Orthopaedic Surgery consult. 17 year old gentleman with knee pain s/p fall onto knee 10 w during football with initial swelling and pain that resolved and now exacerbated by basketball. Pain localized to lateral patella versus lateral patellofemoral ligament/retinaculum versus lateral meniscus. This gentleman also has significant pain in the inferior pole of the patella worse with flexion, not extension. I believe you have several things going on. The fact that your knee had significant pain and swelling after the football injury indicates that you may have sustained a minimally displaced fracture of the lateral patella. The pain in the inferior pole of your patella may be Sinding-Larsen-Johannson syndrome/ osteochondrosis of the inferior pole of the patella. You need a full exam by an orthopaedic surgeon, imaging of your patella, and ultrasound of your patellar tendon. Your orthopaedic surgeon may want to fix any patellar fracture nonunion or stress fracture using rigid fixation. Good luck. Read more...
Retinaculum. A detailed exam would likely reveal the cause; if any question, an MRI may be helpful. He could potentially have injured his patellar tendon or medial retinaculum or may have a symptomatic plica among numerous possibilities. I would not hesitate to have him seen. Read more...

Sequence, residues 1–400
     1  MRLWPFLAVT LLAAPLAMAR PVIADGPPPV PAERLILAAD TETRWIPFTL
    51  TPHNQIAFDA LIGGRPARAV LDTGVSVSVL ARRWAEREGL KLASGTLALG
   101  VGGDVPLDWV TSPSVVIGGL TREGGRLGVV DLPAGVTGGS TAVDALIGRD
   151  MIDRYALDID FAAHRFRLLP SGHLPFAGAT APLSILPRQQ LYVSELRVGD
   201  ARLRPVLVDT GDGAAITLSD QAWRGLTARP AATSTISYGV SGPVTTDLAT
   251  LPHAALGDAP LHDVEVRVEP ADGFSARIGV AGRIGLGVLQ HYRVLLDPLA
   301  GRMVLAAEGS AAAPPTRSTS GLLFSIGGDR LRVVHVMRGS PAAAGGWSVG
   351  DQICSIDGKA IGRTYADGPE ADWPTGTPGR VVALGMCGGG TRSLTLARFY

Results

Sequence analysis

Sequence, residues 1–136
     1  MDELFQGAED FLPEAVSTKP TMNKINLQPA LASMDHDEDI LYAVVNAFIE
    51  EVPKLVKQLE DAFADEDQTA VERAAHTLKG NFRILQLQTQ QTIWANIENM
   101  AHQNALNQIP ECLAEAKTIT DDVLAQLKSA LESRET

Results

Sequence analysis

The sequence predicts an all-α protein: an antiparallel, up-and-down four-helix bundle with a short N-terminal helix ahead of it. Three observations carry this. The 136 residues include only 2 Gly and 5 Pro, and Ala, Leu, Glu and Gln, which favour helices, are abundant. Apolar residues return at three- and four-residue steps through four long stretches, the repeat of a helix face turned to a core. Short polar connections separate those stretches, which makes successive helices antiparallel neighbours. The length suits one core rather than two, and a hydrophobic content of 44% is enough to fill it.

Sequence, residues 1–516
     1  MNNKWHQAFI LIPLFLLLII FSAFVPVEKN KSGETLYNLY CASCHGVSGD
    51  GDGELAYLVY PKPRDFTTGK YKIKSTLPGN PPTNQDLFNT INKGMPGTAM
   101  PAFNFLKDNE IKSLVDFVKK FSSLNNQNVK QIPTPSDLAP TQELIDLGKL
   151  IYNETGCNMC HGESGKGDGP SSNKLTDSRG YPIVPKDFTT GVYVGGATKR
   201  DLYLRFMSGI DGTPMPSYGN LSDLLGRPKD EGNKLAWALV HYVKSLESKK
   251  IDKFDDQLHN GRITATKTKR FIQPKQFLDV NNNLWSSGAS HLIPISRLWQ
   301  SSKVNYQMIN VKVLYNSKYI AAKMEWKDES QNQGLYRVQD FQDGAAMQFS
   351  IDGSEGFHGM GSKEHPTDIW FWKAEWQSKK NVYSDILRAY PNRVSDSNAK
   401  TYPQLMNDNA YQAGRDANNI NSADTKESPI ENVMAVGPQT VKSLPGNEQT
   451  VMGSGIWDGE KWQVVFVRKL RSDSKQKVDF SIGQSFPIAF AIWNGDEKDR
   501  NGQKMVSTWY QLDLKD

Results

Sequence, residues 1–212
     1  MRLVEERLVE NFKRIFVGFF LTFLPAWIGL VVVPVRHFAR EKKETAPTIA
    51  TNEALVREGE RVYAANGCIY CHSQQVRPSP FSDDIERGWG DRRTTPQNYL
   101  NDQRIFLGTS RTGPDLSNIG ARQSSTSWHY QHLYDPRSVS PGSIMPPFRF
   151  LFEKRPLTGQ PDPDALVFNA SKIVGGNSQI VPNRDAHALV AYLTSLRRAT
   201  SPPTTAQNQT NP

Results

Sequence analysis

Patella. If you have not been evaluated by an orthopedic surgeon at this point it may be wise to undergo an evaluation in which they would have the ability to take x-rays to see if there is any type of bony disruption, An MRI may be warranted to see if there is a contusion to the patella with edema which could be a source of persistent pain and discomfort. A course of physical therapy and anti-inflammatory medications may also be of benefit with avoidance of activities such as basketball and football to allow the area to rest for a period of 4 to 6 weeks. Read more...
Acute sympathetic dystrophy. This is an unusual condition mostly reported in adults. An injury to a joint as described is followed by severe pain and swelling that goes on indefinitely. It goes by this name because the sympathetic nervous system is involved. It is often mistaken for arthritis and is sometimes treated by encasing in plaster that does not do any good. It is really a metabolic condition. If sugar, carbonated beverages and/or junk food figures high in your diet, get rid of it all and start taking a well-rounded multivitamin as a supplement.I would suggest that you look up the title of the disease online, but don't expect to find any information in regard to diet. It is classified as being of unknown cause. Also look up Sudeck's atrophy in association with this. Read more...
Patella maltracking. If healing occurred from initial injury, it is possible that he has lost patellar stability and is creating irritation with continued basketball starts, twists, and sudden stops. Clinical exam should aid this diagnosis. Also a meniscal tear is possible. If MRI has not been done, get one for diagnosis. It will aid the specialist anyway. Patellar suspension sleeve can be tried in the short run. Read more...
Xray. You need an Xray and possibly an MRI to make the correct diagnosis. You could have a healing fracture, meniscus injury or collateral ligament sprain. Read more...